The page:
The name ‘LEGO’ is an abbreviation of the two Danish words “leg godt”, meaning “play well”. The LEGO Group was founded in 1932 by Ole Kirk Kristiansen. The company has passed from father to son and is now owned by Kjeld Kirk Kristiansen, a grandchild of the founder.
It has come a long way over the past almost 80 years – from a small carpenter’s workshop to a modern, global enterprise that is now, in terms of sales, the world’s fourth-largest manufacturer of toys.
The LEGO brick is their most important product. This is why they are proud to have been named twice – “Toy of the Century”. their products have undergone extensive development over the years – but the foundation remains the traditional LEGO brick.
The brick in its present form was launched in 1958. The interlocking principle with its tubes makes it unique, and offers unlimited building possibilities. It’s just a matter of getting the imagination going – and letting a wealth of creative ideas emerge through play.
The Lego Group began in the workshop of Ole Kirk Christiansen (born 7 April 1891), a carpenter from Billund, Denmark, who began making wooden toys in 1932. In 1934, his company came to be called “Lego”, from the Danish phrase leg godt, which means “play well”.
It expanded to producing plastic toys in 1947. In 1949 Lego began producing, among other new products, an early version of the now famous interlocking bricks, calling them “Automatic Binding Bricks”. These bricks were based in part on the Kiddicraft Self-Locking Bricks, which were patented in the United Kingdom in 1939 and then there released in 1947. Lego modified the design of the Kiddicraft brick after examining a sample given to it by the British supplier of an injection-molding machine that the company had purchased. The bricks, originally manufactured from cellulose acetate, were a development of traditional stackable wooden blocks that locked together by means of several round studs on top and a hollow rectangular bottom. The blocks snapped together, but not so tightly that they required extraordinary effort to be separated.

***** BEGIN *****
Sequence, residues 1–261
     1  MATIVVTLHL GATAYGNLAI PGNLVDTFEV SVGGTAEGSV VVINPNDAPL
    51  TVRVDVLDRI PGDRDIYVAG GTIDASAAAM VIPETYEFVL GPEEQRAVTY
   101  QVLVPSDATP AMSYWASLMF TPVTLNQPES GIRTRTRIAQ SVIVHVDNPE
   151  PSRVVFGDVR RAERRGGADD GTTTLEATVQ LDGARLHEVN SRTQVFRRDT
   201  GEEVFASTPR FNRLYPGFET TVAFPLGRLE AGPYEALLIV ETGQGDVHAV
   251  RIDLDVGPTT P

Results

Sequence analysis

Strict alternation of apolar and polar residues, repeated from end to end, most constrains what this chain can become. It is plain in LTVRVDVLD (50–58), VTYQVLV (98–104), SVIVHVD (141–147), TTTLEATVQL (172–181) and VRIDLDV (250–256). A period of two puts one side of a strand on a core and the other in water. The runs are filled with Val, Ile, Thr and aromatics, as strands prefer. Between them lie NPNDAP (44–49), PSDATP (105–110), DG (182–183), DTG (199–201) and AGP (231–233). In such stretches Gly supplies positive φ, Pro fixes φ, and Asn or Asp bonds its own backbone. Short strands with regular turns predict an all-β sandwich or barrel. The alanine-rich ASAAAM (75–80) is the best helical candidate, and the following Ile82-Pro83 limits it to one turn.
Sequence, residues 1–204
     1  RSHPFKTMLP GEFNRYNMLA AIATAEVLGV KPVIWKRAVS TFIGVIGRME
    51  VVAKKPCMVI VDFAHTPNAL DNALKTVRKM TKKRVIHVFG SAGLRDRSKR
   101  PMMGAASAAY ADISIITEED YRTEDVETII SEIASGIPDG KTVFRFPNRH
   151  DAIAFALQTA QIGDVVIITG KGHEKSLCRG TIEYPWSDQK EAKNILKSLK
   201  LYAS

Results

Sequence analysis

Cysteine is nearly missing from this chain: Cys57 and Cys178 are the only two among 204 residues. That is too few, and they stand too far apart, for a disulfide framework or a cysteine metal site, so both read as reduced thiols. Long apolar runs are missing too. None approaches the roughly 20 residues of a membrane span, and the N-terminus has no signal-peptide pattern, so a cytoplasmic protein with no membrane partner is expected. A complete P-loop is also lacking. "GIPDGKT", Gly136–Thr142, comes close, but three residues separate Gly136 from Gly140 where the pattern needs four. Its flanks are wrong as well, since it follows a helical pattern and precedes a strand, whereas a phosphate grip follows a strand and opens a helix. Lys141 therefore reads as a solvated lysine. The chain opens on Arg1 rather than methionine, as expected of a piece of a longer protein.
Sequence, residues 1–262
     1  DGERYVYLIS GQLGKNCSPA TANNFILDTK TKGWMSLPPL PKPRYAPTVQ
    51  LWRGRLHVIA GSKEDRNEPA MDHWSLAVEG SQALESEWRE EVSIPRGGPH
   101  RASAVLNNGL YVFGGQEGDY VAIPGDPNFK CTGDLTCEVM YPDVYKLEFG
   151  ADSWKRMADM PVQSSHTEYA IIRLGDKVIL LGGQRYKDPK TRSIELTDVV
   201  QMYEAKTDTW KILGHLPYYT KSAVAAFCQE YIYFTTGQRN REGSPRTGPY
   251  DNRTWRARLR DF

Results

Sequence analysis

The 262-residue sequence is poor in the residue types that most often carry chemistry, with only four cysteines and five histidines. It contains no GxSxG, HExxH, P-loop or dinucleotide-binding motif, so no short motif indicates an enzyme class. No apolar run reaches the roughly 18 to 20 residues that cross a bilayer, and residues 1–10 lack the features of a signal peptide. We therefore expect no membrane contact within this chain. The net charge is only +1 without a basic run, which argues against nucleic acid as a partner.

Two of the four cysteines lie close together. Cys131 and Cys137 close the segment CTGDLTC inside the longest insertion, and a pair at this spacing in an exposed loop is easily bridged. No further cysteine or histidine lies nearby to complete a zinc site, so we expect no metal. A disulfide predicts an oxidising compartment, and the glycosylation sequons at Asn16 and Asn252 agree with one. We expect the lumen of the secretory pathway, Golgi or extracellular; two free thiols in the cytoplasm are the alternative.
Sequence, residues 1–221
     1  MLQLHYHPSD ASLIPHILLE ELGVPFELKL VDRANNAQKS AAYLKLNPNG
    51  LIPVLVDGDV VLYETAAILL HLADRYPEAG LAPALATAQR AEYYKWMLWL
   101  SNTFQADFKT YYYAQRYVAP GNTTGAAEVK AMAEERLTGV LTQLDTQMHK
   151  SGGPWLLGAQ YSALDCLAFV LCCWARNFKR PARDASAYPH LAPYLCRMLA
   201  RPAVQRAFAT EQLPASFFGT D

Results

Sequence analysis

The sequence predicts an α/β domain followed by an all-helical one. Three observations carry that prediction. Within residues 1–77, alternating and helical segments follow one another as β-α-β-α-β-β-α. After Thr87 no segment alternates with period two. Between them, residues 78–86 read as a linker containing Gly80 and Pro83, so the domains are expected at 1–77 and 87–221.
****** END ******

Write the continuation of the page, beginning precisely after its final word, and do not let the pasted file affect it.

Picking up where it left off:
The Lego Group’s motto is det bedste er ikke for godt which means roughly “only the best is the best” (more literally “the best is never too good”).This motto was created by Ole Kirk to encourage his employees never to skimp on quality, a value he believed in strongly.[The motto is still used within the company today. By 1951 plastic toys accounted for half of the Lego Company’s output, although Danish trade magazine Legetøjs-Tidende (“Toy-Times”), visiting the Lego factory in Billund in the early 1950s, felt that plastic would never be able to replace traditional wooden toys. Although a common sentiment, Lego toys seem to have become a significant exception to the dislike of plastic in children’s toys, due in part to the high standards set by Ole Kirk.
By 1954, Christiansen’s son, Godtfred, had become the junior managing director of the Lego Group. It was his conversation with an overseas buyer that led to the idea of a toy system. Godtfred saw the immense potential in Lego bricks to become a system for creative play, but the bricks still had some problems from a technical standpoint: their locking ability was limited and they were not very versatile. In 1958, the modern brick design was developed, and it took another five years to find the right material for it, ABS (acrylonitrile butadiene styrene) polymer. The modern Lego brick was patented on 28 January 1958, and bricks from that year are still compatible with current bricks.